Looking Up at the Night Sky(line): Austin, One Year Later

I’m a huge fan of skylines. Every place I have lived has an epic one. Places like LA, NY, and Phoenix.

The skyline is one of the first greetings one is given to a new town, and one of the first indications that someone has returned home. Austin is no different. A year ago today, pulling a trailer through Arizona, New Mexico and all of West Texas I arrived in a place that I never thought I’d be. It wasn’t my initial plan to move to Austin. I had already turned it down once before for a “sure thing.” But as I have become well aware, “sure things” are never such and sometimes the best option available is to just pack up. And go.

And so on a ridiculously hot and muggy night in late June, my friend Scott and I finally completed the last leg of our journey. As we drove up I-35 after a quick stop in San Antonio we were greeted to this:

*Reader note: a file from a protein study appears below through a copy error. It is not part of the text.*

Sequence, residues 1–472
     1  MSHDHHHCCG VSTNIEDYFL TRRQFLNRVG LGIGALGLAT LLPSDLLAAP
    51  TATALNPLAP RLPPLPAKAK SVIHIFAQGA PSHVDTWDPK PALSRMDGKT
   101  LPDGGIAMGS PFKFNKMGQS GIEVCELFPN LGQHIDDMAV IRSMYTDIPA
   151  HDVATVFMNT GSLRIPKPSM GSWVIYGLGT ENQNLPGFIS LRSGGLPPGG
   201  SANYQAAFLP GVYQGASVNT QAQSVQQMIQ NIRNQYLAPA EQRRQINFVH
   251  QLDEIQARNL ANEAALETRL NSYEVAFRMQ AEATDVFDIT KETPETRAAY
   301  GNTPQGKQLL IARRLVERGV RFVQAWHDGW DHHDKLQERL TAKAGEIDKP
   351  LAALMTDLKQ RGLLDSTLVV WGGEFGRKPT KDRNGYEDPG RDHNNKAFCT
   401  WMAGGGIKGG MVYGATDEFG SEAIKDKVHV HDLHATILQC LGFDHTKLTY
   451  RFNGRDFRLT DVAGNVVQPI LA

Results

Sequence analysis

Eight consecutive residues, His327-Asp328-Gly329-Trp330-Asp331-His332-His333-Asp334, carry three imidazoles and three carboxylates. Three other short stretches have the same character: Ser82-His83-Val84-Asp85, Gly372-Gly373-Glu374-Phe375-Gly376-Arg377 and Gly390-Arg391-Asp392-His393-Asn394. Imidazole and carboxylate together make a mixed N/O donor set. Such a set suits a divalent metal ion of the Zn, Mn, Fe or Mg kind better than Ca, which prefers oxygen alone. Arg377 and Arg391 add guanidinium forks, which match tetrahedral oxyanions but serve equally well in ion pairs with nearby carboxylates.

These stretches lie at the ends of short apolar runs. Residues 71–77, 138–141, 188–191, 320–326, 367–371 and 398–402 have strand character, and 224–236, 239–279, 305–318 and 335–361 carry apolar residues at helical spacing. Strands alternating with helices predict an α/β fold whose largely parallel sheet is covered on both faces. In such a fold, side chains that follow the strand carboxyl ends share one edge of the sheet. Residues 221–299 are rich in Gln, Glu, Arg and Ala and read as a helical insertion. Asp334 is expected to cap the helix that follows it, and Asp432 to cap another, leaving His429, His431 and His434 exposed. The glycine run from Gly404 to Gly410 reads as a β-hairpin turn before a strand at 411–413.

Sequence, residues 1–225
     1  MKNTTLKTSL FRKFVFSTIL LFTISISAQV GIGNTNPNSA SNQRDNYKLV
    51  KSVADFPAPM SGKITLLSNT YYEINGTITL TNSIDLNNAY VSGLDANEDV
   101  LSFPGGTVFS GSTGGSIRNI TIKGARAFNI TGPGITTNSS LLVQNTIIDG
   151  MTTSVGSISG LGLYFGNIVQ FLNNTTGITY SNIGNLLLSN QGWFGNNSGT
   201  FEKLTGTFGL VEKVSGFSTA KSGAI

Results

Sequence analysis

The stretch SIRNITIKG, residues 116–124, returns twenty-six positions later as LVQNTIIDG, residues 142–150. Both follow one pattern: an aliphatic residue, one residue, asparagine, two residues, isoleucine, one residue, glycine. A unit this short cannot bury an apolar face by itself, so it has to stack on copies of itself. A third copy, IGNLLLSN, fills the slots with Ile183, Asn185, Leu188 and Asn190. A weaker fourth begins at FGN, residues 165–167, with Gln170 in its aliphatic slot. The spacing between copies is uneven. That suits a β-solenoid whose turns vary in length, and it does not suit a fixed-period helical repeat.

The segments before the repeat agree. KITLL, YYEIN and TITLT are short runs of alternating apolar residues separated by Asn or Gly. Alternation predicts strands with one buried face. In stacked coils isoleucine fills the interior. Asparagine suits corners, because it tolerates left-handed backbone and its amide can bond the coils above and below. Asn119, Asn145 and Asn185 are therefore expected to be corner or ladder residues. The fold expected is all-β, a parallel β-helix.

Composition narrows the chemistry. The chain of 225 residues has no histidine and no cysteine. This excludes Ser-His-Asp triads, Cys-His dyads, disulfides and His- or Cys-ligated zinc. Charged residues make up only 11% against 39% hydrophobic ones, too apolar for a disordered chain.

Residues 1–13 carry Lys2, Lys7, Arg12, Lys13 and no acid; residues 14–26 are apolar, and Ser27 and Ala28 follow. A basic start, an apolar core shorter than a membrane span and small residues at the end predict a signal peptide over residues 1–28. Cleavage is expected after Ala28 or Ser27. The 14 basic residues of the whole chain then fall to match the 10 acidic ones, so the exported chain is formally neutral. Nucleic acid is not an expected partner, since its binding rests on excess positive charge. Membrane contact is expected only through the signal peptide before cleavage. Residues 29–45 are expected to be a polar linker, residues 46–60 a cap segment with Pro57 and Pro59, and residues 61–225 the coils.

My new home.

A year later some things have changed, others haven’t. I just bought my first house. I’ve finally done some good things in stand up comedy. My new academic program has been wonderful. I’ve become a better person in a lot of ways. And I still continue to make sense of how the heck I ended up here at all. But Austin, and its inhabitants have been amazingly supportive. I only wish I can do my new adopted town justice and one day return the favor. I haven’t fallen in love with the city as quickly and easily as everyone said I would. In many ways I’m still not ready. The skyline of New York City still gives me chills and LA will always be my first home. But the feeling I got on that night in June, rounding a curve on the I-35 in the Capital of Texas let me know that everything would be alright. No one cares how you got here. They’re just glad you came.

And I’m getting closer.


About Joe Faina

Rhetoric & Media Professor, Writer, Humorist

Posted on 06/28/2010, in Adulthood, Austin, The City, Transition. Bookmark the permalink. 1 Comment.

  1. I always get a bit choked up when, after being away from ATX for awhile, I drive or fly back in and see the tower in the distance. I’m sure you’ll start to feel the same way over the next few years.

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